Meanwhile, the larger scholarly debate continues to focus on the links between Newton's theological views and his science. Part of the problem is that so much has changed since his day. For example, we now think of science and theology as completely separate disciplines. But even the term "scientist" is relatively new; it was coined only in the 1830s.


Newton would have seen himself as a "natural philosopher," someone whose interests included -- but were not limited to -- what we would now call science.


He also clearly saw God as an essential part of nature, the "first cause" on which everything else depended. "He thought that doing natural philosophy was a religious activity," Prof. Iliffe says.


In Newton's view, God revealed himself in two books -- Scripture and the "book of nature." The latter Newton investigated directly through his science; the former, presumably, was equally worthy of his attention. "There's certainly a religious and a theological element to his science," Prof. Iliffe says.


And yet scholars are still struggling to comprehend how such a rational thinker -- the man who gave us three laws of motion, the law of universal gravitation and so much more -- could have simultaneously immersed himself so deeply in arcane matters. It almost seems, at times, like there were two Isaac Newtons -- or, at the very least, one man who led two very different lives.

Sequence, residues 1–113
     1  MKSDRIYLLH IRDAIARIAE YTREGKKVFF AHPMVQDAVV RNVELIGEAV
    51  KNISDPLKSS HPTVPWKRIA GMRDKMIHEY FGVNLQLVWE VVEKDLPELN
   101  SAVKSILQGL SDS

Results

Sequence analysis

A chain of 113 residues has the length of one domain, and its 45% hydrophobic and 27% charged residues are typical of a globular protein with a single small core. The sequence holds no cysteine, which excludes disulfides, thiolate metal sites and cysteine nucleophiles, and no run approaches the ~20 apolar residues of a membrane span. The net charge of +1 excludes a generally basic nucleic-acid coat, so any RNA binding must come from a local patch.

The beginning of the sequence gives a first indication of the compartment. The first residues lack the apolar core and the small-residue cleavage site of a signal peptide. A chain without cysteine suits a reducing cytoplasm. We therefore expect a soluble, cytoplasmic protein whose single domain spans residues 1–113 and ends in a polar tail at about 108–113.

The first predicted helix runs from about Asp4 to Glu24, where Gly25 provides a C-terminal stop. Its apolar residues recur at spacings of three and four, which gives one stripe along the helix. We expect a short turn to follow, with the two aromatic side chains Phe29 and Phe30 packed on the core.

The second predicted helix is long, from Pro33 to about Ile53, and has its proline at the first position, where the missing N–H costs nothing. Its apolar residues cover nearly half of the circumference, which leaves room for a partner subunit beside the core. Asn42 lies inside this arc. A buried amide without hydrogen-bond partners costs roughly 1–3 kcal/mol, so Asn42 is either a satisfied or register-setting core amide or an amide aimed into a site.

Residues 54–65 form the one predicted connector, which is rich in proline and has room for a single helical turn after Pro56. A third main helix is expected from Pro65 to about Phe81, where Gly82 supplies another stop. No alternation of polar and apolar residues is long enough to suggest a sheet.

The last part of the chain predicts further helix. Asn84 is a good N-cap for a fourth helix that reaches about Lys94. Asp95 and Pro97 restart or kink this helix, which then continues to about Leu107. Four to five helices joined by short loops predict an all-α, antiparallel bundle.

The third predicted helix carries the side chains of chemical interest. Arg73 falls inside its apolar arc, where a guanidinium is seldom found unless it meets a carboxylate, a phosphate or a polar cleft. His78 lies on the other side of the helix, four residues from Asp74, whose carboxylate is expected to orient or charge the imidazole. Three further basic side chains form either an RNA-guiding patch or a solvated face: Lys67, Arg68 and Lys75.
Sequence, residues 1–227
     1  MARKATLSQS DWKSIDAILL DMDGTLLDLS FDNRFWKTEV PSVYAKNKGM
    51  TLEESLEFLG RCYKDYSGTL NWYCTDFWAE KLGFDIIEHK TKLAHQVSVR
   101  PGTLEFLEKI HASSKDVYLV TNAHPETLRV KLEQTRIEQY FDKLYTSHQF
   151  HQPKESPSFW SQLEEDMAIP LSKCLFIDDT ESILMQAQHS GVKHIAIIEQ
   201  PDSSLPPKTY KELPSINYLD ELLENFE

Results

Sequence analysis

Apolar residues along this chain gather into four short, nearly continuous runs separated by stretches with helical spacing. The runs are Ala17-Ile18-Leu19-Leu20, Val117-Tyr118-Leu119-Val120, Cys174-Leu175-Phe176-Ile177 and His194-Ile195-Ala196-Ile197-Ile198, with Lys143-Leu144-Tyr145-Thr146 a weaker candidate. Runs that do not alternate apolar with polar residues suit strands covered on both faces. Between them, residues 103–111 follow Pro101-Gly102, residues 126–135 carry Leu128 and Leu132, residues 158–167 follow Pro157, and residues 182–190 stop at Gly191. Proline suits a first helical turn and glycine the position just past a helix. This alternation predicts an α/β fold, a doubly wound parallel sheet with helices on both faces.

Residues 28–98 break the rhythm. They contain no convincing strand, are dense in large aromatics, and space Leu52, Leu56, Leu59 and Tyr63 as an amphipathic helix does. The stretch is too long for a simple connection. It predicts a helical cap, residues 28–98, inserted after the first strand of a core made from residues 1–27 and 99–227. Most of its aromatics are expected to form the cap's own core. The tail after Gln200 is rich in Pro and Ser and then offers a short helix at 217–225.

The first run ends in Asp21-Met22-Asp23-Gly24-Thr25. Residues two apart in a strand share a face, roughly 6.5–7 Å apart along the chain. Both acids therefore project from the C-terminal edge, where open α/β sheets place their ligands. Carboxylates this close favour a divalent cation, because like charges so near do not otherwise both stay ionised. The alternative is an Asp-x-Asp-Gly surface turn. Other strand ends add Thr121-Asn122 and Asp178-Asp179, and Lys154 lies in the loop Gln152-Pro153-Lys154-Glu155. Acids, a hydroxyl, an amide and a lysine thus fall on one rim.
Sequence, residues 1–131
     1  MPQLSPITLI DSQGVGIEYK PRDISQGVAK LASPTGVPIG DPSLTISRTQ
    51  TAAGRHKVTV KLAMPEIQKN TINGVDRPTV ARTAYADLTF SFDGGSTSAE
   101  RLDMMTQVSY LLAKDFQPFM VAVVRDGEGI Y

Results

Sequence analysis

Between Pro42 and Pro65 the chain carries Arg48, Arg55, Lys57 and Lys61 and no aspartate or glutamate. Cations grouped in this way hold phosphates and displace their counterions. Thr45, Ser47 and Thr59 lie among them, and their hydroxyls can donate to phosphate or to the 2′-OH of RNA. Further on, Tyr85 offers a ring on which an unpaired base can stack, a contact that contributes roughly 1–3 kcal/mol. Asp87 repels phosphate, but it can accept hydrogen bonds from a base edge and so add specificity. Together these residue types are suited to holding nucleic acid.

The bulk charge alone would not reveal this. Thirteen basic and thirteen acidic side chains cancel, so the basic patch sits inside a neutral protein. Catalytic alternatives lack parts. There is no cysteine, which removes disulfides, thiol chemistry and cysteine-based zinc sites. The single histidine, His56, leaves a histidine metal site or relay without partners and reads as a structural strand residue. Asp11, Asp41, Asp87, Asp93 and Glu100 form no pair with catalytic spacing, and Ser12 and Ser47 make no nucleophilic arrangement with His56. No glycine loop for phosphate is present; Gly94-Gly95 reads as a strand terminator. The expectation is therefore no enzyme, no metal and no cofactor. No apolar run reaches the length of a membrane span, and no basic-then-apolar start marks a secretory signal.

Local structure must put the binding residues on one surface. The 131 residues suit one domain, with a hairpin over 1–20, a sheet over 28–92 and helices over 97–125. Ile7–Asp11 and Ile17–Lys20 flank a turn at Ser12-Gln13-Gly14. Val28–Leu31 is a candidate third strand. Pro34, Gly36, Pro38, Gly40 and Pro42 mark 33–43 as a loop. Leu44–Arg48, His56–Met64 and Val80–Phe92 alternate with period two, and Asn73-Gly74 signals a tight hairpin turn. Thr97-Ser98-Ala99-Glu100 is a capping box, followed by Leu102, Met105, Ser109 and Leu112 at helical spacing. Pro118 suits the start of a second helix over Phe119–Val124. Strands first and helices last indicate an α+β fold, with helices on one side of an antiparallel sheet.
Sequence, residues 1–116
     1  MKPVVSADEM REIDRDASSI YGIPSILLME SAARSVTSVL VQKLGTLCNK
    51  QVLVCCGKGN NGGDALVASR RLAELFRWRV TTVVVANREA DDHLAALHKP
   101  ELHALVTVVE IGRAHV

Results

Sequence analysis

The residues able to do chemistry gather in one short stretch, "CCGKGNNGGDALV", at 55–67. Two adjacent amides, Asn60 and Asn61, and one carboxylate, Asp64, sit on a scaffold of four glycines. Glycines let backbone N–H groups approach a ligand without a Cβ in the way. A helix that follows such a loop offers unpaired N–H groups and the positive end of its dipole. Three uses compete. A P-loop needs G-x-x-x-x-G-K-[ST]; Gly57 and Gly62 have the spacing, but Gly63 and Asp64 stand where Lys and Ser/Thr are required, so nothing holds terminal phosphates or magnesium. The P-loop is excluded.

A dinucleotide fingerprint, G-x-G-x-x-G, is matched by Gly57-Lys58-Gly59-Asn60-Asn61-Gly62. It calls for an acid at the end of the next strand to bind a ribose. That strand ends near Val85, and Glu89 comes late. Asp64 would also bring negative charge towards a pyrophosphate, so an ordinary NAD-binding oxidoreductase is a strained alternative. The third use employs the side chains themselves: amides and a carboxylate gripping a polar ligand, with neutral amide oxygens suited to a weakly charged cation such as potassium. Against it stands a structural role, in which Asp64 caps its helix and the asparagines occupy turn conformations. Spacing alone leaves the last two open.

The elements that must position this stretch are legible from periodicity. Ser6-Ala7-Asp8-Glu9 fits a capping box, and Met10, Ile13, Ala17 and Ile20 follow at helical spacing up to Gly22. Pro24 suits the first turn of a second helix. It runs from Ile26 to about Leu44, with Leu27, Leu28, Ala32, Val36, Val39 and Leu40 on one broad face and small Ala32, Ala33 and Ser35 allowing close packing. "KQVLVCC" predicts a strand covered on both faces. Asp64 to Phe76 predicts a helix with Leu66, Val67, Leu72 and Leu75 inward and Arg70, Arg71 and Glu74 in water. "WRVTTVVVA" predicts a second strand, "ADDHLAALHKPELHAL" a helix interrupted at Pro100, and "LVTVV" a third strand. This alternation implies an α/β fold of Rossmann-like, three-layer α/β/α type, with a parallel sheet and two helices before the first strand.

"He's one of the most prominent public officials in the country, he's president of the Royal Society, he's Master of the Royal Mint," Prof. Iliffe says. "And then when he goes back to his Chelsea home, he does all this stuff on the Apocalypse and the Whore of Babylon. . . . This is a guy who lives out his day in the public sphere and deals with this world -- and then he goes home and he deals with the third, fourth, fifth century."


Part of the answer, Prof. Iliffe suggests, is the scope of Newton's hunger for knowledge. Whatever facts he had obtained, whether about nature or theology, were never enough.

"He's just incredibly ambitious," Prof. Iliffe says. "He's supremely confident he's a 'chosen one' -- a chosen person who can overturn centuries and millennia of error. And now is the time when truth is being revealed. And that's the case in both his private theology and in science and mathematics."


The Newton Project will let scholars probe the connections between the many facets of Newton's persona more closely than ever before.


"Not only can you read his manuscripts about theology and church history and heresies, but you can actually 'drill down' and have access to the original manuscripts and books in his own library that he's using to construct his arguments," says Dolores Iorizzo, a colleague of Prof. Iliffe at Imperial College. "And that's a completely new idea about how to do research."


Dan Falk is a science writer and broadcaster based in Toronto.